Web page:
A Fallacy of Peace #3

July was a pretty hard month for me, so apologies for a delay in this portion. July was an emotional roller coaster for me.  Aside from personal issues, my family suffered a terrible loss with the murder of my cousin.  That being said, let’s get into part 3 of this story.  

April 28th, 2022 was the last day I took my Adderall prescription.  This is huge, because I never thought I would be strong enough to rid myself of this monotonous habit. I didn’t do it alone, because I would not have been able to do so successfully. Without my mothers help, will, and guidance I would have failed.  I would also like to thank my Step-Father Javier for having the patience and being by my mothers side throughout all the chaos.  Without them, I would have continued on my downward spiral until I gave up, or the medicine killed me. Now that I have the ability to look back at my life, I can see how close to death I really was.

As I had mentioned in Part 1 and Part 2 of this story, I had been seeing a psychiatrist for over a decade.  For the first eight years, I had a therapist I had gained a strong rapport with.  I trusted this individual as they knew everything about me.  Around august of 2020, When making my quarterly appointment, I was told that my doctor had retired.  I was given the option of staying with this office and continuing with the only other psychiatrist there. Given the pandemic, nearly all other offices were not accepting new patients.  I had no choice but to continue with the psychiatrist they had available.  This new doctor did not care about me, and was just cashing in a paycheck.  All sessions went by phone only due to shutdowns.  They had a video call option, but wanted to charge more for the visit. The only relationship I had with my “Doctor” was that he was essentially my supplier.  Hell, he kept me on Ambien for nearly a year and blindly filled my Adderall prescription every month. In February of 2022, I Informed him I would like to stop taking my Adderall within the year and he fought me on it. A little over two months later, the office was unreachable.  I could not fill my prescription, and was forced to quit cold turkey.  I didn’t know it then, but it was one of the best things to ever happen to me. 

It’s been over three months since the last time I had any Adderall. Thinking about it now, and its absolutely insane how clear headed I feel. I actually feel alive and excited about the future. I still have my days where I do get down, the difference is I’m able to better pinpoint why I feel the way I do.  From there, I’m able to change why and how I feel by working through my feelings and emotions in the way that works best for me. Adderall would allow me to only work and focus on one thing at a time, blocking out everything else. Years of doing this set up my downfall, I just wasn’t aware.  I THOUGHT I was fine, I THOUGHT I had things under control, I THOUGHT I was better than I really was.  The truth was, It was all a façade. That’s the power of addiction, I was a zombie slowly eating away at my own brain.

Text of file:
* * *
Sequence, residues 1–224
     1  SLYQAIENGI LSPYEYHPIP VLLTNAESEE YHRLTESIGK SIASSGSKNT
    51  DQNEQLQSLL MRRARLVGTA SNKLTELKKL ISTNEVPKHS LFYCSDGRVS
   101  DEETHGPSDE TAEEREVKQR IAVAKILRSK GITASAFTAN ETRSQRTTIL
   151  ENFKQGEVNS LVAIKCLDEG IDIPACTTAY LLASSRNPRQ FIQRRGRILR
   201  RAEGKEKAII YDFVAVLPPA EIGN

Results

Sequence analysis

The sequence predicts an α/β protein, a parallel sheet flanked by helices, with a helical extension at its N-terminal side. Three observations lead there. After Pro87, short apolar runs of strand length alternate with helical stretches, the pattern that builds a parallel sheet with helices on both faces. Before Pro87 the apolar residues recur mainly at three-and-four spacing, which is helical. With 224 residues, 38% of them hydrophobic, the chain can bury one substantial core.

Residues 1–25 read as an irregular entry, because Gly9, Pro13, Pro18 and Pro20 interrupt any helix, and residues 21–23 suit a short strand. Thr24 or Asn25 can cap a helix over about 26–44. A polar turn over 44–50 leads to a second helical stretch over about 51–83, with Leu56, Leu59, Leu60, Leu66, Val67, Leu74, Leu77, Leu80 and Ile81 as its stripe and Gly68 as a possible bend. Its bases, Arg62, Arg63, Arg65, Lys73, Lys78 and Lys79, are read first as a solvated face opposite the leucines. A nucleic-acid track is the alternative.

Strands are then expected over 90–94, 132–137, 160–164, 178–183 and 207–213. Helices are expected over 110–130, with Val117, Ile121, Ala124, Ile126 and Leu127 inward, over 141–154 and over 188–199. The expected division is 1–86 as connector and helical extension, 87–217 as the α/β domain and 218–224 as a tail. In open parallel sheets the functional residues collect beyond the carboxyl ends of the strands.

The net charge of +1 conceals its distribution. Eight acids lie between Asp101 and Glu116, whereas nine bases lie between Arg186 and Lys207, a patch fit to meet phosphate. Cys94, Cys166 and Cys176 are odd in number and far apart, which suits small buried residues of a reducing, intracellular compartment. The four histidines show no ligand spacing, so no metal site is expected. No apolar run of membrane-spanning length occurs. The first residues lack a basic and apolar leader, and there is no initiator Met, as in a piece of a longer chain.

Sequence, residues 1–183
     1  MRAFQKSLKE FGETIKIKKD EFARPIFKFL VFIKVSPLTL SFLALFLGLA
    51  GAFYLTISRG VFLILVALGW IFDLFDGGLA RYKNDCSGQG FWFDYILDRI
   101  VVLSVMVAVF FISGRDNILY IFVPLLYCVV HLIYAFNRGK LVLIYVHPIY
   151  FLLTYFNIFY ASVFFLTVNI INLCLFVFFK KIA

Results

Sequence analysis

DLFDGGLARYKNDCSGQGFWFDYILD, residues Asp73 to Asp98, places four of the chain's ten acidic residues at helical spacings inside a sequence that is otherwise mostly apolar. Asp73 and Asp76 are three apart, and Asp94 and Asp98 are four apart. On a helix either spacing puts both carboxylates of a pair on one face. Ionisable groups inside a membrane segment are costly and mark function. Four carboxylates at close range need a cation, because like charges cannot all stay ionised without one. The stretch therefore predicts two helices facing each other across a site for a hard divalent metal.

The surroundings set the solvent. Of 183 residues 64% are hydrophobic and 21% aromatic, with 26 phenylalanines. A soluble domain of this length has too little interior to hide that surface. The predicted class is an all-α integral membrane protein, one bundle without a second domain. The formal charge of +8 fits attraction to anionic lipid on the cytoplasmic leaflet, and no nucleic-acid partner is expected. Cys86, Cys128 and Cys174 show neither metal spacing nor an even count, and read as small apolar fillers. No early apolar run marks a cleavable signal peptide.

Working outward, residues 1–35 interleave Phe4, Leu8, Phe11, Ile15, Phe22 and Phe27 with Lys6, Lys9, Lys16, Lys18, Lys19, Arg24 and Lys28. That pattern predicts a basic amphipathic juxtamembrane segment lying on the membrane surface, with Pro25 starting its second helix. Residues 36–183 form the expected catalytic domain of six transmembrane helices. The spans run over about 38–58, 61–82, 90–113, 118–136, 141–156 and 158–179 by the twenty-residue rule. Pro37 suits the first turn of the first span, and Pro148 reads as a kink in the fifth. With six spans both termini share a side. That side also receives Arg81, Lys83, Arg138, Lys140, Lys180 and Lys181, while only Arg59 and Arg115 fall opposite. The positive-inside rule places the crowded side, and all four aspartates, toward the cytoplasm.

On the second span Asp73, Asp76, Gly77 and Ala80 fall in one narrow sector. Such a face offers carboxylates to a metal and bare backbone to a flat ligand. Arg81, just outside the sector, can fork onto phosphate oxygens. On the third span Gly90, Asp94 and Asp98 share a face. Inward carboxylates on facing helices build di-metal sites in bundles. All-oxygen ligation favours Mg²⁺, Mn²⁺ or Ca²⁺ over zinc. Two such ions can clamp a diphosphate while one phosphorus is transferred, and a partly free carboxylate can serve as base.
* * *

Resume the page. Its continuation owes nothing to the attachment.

I’ll do another entry soon on what withdrawal was like and my experience so far. At this point in time, I have the ability to look back and what my life was like with a truly healthier perspective. I can now look inside the box I was trapped in, and rejoice in the feeling of my newly found freedom. I no longer have to plan my days around Adderall or fear running out and breaking down. I’m still recovering, and trying my best to be better involved with friends, family, and myself. I KNOW I’m doing better, because I’m truly optimistic on what comes next for me and the people I love.  

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The Power of “Can’t”.

Sooner or later, most of us who try to cope with depression feel so overwhelmed that all we can hold onto is: I just can’t do it. I can’t stop being depressed. I can’t stop it from coming back.

When “I can’t” comes rushing out, it feel like the response to an accusation. Sometimes, I feel the weight of other people’s expectations. “If you really wanted to get well, you could at least get up and get moving.” Sure, they don’t understand, they don’t get it. But I’m asking the same question of myself.

I’m answering my own accusation. “So why can’t you handle this? You’re a completely worthless weakling!” “But I just can’t!” is my only answer. I’ve internalized the stigma and prejudice and feebly try to respond. I don’t trust myself. What if I am faking this? What if I’m just afraid to face things? I know that isn’t true, but there’s the inner belief that I ought to be able to snap out of depression. But there’s nothing left to fight with. Everything deserts me: vitality, willpower, feelings, the ability to think clearly about getting well, to make choices, to take action. The inner drive to get well is replaced by the depressive drive to get worse or simply stagnate.

When I’m trying to cope in that condition, all I can do is to start where I am. Since I can’t do anything, just where would that starting point be? Depression gifts you with extraordinarily vivid, powerful, detailed memories of all your mistakes, failures, weaknesses, embarrassments. You have absolute clarity of mind for the negatives, and they build a case of shame and worthlessness. Severe depression, after all, really wants to destroy you, literally if possible. So it leaves you the mental and emotional equipment to undermine your life.

That’s what I’m obsessed with. At the same time, though, I’m aware that I’m tearing myself down. I see what I’m doing to myself, and another level of awareness opens up. I want to stop the depression. I really want to feel better. I may not be able to do much to end it, but I know I want to come alive again.